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A Foreign Policy for the Common Citizen | The Nation

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A Foreign Policy for the Common Citizen

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A quarter-century after the end of the Vietnam War, and eleven years after the collapse of the Berlin wall, it has become commonplace to say that we Americans have no consensus on foreign policy. Across the political spectrum, left or right, most Americans still cling to whatever assumptions they held during our long journey through the cold war. Having inhaled the sweet narcotic of a false triumphalism, Washington's foreign-policy elite talk as if America's "soft power" can prevail in nearly every instance. And where it cannot--as in Colombia's narco-civil war or against the specter of "international terrorism" in Afghanistan or Sudan--Republicans and Democrats alike sanction cruise-missile diplomacy or outright military interventionism reminiscent of Vietnam. Naturally, such behavior reinforces the anti-interventionist instincts of citizens on the liberal-left. But here--as in many aspects of foreign policy--I believe the American left has failed, perhaps understandably, to face up to a new set of post-cold war imponderables. It has also failed to take advantage of this post-cold war period to put forth truly fresh ideas on matters ranging from nuclear weapons to the environment.

About the Author

Kai Bird
Kai Bird is a Nation contributing editor, a Pulitzer Prize–winning historian and the author, most recently, of...

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Two decades ago, nearly one-sixth of the population was forcibly expelled. How did King Wangchuck escape any real censure?

How did Hosni Mubarak manage to stay in power for three decades?

It is one thing to be against unilateralism and against nonhumanitarian interventionism--but it is quite another thing to be against humanitarian interventionism. To put it bluntly, the lessons we learned from Washington's bloody-minded intervention in Vietnam have little relevance in dealing with ethnic cleansing or oppression in Bosnia, Haiti, Rwanda, East Timor and Kosovo. And though the victims of these internal wars cry out for our help--and the aggressors are invariably thuggish regimes--the American left remains divided on how to respond.

This is understandable precisely because the duration and intensity of the cold war make it difficult to remember what might have been. Sadly, in our determination to oppose nuclear brinkmanship and other idiocies that marked Washington's foreign policy for forty-four years (1945-89), we have forgotten our basic radical principles and the common-sensical path not taken at the end of World War II. Most Americans have no memory of the designs Franklin Roosevelt's New Dealers had for postwar American foreign policy. Human rights, self-determination and an end to European colonization in the developing world, nuclear disarmament, international law, the World Court, the United Nations--these were all ideas of the progressive left. Even the World Bank and the International Monetary Fund were initially conceived as vehicles for internationalizing the New Deal.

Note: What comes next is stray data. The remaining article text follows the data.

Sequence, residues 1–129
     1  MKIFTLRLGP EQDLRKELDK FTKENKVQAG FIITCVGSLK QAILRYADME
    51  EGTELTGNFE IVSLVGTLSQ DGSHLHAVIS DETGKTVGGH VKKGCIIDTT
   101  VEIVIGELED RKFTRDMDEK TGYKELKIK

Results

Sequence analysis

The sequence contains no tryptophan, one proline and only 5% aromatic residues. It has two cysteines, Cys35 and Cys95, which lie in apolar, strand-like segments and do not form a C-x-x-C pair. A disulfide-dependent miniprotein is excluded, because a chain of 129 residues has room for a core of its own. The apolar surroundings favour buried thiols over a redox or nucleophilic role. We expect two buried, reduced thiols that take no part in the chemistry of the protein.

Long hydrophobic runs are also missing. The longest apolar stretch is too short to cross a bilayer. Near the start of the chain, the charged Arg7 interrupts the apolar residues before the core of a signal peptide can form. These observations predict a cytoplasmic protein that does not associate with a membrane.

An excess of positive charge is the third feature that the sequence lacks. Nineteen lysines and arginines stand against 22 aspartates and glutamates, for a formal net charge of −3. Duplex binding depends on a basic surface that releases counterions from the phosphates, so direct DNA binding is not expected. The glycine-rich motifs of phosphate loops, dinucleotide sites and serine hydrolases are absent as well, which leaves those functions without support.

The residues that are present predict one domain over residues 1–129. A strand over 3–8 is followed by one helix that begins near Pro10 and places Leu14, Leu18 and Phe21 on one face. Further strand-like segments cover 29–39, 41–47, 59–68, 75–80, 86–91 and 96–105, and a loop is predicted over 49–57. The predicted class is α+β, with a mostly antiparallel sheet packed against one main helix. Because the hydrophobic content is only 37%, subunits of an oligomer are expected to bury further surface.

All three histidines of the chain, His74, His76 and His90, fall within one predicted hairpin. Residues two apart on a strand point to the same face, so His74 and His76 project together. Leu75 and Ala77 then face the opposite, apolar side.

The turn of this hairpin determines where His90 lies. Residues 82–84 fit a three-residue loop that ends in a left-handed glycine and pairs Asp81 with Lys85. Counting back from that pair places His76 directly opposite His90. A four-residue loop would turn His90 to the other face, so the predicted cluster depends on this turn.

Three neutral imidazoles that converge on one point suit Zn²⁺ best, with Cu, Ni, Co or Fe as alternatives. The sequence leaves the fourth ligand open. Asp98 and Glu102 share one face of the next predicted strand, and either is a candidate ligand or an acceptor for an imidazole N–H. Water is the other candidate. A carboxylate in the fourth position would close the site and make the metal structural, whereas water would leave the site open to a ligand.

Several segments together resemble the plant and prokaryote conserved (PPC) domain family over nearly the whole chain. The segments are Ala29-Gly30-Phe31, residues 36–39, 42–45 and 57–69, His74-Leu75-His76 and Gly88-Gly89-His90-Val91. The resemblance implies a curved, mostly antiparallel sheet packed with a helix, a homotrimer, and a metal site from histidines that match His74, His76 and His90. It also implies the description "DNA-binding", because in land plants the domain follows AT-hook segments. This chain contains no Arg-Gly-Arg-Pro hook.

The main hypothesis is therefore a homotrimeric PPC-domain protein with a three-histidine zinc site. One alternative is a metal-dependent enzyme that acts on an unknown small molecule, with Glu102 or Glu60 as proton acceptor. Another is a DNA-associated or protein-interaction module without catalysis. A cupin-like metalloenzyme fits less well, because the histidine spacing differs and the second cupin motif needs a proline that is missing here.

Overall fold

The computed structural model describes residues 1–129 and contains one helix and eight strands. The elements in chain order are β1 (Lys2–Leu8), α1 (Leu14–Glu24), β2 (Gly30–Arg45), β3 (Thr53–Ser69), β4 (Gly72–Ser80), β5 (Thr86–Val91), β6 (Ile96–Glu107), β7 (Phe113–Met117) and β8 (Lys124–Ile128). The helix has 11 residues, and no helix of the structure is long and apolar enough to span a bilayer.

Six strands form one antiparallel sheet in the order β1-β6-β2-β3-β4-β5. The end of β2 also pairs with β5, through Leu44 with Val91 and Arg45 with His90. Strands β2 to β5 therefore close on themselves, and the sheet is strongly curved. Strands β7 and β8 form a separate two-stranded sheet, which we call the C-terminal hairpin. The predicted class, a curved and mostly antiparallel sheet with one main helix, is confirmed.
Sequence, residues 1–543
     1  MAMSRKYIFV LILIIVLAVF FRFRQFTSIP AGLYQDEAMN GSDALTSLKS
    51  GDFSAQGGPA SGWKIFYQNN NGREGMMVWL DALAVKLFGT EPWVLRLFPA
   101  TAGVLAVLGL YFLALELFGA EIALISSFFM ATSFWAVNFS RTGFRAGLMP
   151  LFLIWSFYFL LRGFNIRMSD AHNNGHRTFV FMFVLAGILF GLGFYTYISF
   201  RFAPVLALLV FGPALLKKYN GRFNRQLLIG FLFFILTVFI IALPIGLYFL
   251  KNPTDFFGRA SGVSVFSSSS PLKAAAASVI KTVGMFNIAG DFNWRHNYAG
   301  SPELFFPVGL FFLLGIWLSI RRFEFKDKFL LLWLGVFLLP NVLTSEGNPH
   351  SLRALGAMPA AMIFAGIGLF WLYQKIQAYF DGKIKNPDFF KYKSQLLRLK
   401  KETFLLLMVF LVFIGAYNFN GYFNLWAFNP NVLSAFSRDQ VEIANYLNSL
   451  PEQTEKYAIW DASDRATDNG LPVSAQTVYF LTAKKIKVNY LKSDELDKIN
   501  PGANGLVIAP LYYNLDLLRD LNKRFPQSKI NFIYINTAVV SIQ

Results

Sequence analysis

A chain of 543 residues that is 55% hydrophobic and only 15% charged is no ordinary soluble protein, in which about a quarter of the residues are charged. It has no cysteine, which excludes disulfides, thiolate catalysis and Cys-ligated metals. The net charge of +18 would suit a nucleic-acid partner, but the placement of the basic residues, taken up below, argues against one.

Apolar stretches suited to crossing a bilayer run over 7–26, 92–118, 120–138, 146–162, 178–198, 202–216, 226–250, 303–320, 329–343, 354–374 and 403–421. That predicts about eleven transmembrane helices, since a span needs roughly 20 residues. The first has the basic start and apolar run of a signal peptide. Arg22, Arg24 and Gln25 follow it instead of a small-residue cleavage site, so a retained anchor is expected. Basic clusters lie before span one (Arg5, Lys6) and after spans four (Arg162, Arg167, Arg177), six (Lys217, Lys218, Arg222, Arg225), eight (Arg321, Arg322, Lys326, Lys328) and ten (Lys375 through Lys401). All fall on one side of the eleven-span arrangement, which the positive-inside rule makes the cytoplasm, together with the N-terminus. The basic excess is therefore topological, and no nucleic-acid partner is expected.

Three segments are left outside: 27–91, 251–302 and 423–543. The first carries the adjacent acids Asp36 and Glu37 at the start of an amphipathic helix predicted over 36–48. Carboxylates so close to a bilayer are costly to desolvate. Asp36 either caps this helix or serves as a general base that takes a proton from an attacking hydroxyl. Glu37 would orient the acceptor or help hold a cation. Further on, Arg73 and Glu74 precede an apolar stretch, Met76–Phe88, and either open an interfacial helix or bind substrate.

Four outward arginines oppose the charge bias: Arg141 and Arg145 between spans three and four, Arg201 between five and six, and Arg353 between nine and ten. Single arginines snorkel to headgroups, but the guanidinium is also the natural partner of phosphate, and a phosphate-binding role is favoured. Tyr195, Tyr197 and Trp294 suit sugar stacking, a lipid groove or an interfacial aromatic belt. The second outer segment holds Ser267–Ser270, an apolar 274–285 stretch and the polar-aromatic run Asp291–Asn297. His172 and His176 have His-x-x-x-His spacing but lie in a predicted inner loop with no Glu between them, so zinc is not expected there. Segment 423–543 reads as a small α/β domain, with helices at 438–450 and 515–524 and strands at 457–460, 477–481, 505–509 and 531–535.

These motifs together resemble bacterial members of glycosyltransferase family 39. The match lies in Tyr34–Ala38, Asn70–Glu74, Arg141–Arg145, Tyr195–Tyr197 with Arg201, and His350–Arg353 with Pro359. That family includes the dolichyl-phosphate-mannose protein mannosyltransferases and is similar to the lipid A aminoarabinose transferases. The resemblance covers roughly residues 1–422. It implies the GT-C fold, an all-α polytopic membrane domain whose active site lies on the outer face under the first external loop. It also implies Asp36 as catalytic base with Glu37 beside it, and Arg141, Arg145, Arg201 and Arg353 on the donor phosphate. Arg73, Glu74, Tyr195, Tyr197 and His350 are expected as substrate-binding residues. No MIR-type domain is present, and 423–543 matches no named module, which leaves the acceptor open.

And then in the spring of 1945, Harry Truman became the accidental President. A narrow-minded man--a product of the Pendergast machine in Kansas City--Truman purged Washington of New Deal visionaries. An insecure liberal, Truman felt compelled to protect his right flank by authorizing internal security review boards. The subsequent witch hunt that we call McCarthyism was very much a bipartisan affair, designed to suppress dissent against the growing consensus of cold war liberalism. We can blame Truman and his supporters in the foreign-policy establishment for a host of missed opportunities during the cold war. They slammed the door on nuclear disarmament by deciding to make nuclear weapons the centerpiece of the nation's defense. They militarized the cold war by deciding to divide Germany and rearm West Germany within a NATO alliance, a policy that prolonged the cold war at great cost to life and treasure. By closing the door to trade and engagement, by hardening the lines of cold war confrontation, they postponed for years the very real potential for liberalization within the Soviet Union after Stalin.

Elsewhere, Truman reversed Roosevelt's support for decolonization of French, British and other European outposts in Africa, Asia and the Middle East. Instead, Washington spent billions of dollars propping up any regime of corrupt mandarins willing to mouth the slogans of anti-Communism. In short, the cold war legacy begun by Truman was a democratic disaster. Nor were these policies inevitable. There was a choice. In 1945, at the beginning of the cold war, our leaders led us astray. We need to think of the cold war as an aberration, a wrong turn. As such, we need to go back to where we were in 1945--before we took the road to a permanent war economy, a national security state and a foreign policy based on unilateralism and cowboy triumphalism.

This collection of essays underscores that we on the left, for all our differences, share common instincts. All of us are profoundly suspicious, as Bruce Cumings puts it in his sweeping essay on the America Ascendancy, of what he calls "the celebration of a 'globalization' that is uncomfortably close to Americanization." As Robert Borosage argues, our foreign-policy budget priorities are irrational. We should be spending far, far less on defense against nonexistent enemies and investing far, far more on economic development abroad--as well as at home.

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